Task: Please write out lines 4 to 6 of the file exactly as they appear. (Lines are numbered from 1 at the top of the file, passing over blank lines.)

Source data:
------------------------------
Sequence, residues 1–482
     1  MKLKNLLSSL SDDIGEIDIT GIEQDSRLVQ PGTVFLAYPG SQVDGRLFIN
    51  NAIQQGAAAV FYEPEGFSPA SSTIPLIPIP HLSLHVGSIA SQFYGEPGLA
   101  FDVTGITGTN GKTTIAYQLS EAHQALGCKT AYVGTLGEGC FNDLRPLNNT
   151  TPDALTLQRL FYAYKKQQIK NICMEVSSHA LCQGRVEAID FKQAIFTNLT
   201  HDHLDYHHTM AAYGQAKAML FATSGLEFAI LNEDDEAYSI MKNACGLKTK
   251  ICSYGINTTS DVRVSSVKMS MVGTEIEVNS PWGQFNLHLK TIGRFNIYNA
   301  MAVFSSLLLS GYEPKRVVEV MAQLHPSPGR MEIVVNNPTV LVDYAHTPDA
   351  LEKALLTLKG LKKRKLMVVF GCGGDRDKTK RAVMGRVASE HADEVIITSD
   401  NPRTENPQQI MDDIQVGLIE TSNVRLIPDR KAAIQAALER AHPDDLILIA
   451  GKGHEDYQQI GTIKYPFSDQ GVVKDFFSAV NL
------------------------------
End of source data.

   101  FDVTGITGTN GKTTIAYQLS EAHQALGCKT AYVGTLGEGC FNDLRPLNNT
   151  TPDALTLQRL FYAYKKQQIK NICMEVSSHA LCQGRVEAID FKQAIFTNLT
   201  HDHLDYHHTM AAYGQAKAML FATSGLEFAI LNEDDEAYSI MKNACGLKTK